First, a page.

Does Child Support Come Out of Unemployment in Florida?

Does Child Support Come Out of Unemployment in Florida?

Posted By R. Gregory Colvin LLC || 23-Dec-2019

Just about everyone loses a job at some point in time. For some people, it happens more than once in their lifetime and that’s fairly “normal.” When you lose your job, it can be scary, especially if you have children to support. If you become unemployed, it can definitely affect your ability to keep up with your child support payments.

If you’re a noncustodial parent who is ordered to pay child support, it’s important for you to understand that child support orders remain in effect, regardless if the parent is injured in an accident, becomes seriously ill, or loses their job. Parents even have to pay child support if they are incarcerated.

Essentially, parents are legally obligated to financially support their children and the only thing that changes this is the termination of parental rights. Know that if you lose your job, you are still obligated to pay child support, even if you’re unemployed for an extended period of time.

What if I Receive Unemployment Benefits?

As we mentioned above, you are still obligated to pay child support if you’re out of work. If you miss a payment or several, you’ll still have to pay it eventually, and you may have to pay interest. Child support arrears cannot be discharged in bankruptcy and if the court finds you in contempt for willfully disobeying a child support order, you can face fines and jail time, though that is usually the court’s last resort.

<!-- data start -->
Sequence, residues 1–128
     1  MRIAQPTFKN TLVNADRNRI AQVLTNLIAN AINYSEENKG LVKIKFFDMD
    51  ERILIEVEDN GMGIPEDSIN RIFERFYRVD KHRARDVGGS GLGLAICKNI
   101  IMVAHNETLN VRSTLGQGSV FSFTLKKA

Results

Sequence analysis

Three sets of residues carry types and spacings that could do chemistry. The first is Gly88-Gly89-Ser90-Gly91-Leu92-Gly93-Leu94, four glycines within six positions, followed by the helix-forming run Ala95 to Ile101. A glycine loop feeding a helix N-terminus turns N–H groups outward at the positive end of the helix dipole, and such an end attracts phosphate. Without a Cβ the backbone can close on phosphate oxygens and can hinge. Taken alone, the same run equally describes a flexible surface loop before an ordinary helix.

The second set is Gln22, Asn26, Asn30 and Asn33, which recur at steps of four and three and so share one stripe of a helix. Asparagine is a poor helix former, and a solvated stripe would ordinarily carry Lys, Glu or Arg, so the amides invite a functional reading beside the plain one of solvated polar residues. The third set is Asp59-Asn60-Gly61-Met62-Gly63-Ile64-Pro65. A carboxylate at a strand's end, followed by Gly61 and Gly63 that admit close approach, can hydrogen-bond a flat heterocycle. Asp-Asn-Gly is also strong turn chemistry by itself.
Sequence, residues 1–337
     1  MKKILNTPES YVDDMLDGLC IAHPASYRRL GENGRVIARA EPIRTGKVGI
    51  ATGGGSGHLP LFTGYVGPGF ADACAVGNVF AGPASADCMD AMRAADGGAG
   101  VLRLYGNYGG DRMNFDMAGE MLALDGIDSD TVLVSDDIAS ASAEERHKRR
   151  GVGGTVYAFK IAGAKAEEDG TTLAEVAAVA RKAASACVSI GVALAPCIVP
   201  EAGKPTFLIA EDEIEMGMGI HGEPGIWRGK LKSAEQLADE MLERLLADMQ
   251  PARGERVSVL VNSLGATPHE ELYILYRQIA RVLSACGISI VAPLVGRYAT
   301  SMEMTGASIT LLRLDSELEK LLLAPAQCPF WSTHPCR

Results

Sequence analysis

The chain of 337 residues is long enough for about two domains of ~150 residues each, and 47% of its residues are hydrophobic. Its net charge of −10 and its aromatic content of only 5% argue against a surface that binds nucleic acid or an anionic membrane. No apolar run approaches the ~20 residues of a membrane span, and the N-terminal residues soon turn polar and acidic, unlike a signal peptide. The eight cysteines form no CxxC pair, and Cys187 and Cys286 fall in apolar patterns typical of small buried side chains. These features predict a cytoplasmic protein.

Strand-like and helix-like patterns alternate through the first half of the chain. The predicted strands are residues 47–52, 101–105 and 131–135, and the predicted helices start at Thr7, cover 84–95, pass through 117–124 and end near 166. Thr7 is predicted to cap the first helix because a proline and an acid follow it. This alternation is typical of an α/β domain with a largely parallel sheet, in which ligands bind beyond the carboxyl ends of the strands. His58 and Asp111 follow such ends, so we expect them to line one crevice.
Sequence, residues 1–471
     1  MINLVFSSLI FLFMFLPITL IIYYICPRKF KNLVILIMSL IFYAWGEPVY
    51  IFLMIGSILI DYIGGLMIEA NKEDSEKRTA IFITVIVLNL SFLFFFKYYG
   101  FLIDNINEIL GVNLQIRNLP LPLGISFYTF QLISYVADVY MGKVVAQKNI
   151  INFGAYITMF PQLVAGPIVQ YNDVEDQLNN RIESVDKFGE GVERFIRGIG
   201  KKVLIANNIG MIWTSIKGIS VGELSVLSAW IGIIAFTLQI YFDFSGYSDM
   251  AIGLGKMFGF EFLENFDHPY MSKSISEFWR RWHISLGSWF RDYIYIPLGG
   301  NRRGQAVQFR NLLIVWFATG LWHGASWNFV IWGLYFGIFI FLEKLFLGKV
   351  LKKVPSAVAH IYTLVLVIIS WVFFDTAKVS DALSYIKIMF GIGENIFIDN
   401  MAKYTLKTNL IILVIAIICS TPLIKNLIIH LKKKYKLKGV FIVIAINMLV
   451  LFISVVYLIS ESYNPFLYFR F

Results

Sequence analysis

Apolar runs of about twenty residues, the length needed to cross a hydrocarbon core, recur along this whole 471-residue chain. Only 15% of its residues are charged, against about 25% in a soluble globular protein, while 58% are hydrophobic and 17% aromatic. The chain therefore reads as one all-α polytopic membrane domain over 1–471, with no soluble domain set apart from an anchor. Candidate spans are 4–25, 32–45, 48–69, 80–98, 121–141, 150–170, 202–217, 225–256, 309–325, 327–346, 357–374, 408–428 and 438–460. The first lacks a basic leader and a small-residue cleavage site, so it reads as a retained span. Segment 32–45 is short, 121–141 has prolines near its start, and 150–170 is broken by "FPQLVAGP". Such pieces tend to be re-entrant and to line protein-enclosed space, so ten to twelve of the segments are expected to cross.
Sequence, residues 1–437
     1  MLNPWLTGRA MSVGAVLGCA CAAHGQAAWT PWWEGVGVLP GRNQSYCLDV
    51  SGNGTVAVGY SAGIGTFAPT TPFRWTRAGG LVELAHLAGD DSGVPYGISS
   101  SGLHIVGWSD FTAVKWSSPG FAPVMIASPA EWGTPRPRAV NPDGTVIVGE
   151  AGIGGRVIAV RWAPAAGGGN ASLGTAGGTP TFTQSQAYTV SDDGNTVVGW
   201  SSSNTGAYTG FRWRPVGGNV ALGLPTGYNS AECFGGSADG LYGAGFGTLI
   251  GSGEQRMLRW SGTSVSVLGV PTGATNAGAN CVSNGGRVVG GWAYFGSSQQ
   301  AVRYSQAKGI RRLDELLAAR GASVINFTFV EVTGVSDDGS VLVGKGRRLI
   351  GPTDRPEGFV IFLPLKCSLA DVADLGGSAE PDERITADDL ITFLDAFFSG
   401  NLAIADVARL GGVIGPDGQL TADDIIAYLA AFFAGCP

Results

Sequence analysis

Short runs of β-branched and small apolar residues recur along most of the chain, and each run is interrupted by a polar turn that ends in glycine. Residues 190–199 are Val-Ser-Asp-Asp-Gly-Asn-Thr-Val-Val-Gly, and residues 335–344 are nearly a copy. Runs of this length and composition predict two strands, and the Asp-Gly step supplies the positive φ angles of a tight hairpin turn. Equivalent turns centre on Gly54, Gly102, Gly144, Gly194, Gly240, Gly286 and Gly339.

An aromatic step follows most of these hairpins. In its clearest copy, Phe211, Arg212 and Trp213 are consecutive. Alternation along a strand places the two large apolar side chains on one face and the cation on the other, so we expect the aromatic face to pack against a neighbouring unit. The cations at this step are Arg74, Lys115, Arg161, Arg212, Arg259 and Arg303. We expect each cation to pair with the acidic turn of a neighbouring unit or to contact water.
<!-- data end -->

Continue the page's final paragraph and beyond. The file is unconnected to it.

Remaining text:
If you lose your job, you should immediately find out if you’re eligible for unemployment benefits. If you are eligible, our advice is to notify the unemployment office about your child support obligation. If you don’t bring it up, the local child support office will find out that you’re receiving unemployment benefits eventually. “Can child support be taken from unemployment benefits?” The answer is, “Yes, absolutely.” Regardless of how the local child support office learns of your unemployment benefits, it will start deducting them from your unemployment wages.

Note: Child support can also be deducted from workers’ compensation benefits and Social Security Disability (SSDI) benefits, however, Supplemental Security Income (SSI) benefits are untouchable.

If you become unemployed and you can’t afford your current child support obligation, contact our office right away to discuss petitioning the court for a downward modification, which reflects your current financial circumstances.

Next: Do I Have to Pay Child Support if I Lose My Job?

Categories: Child Support

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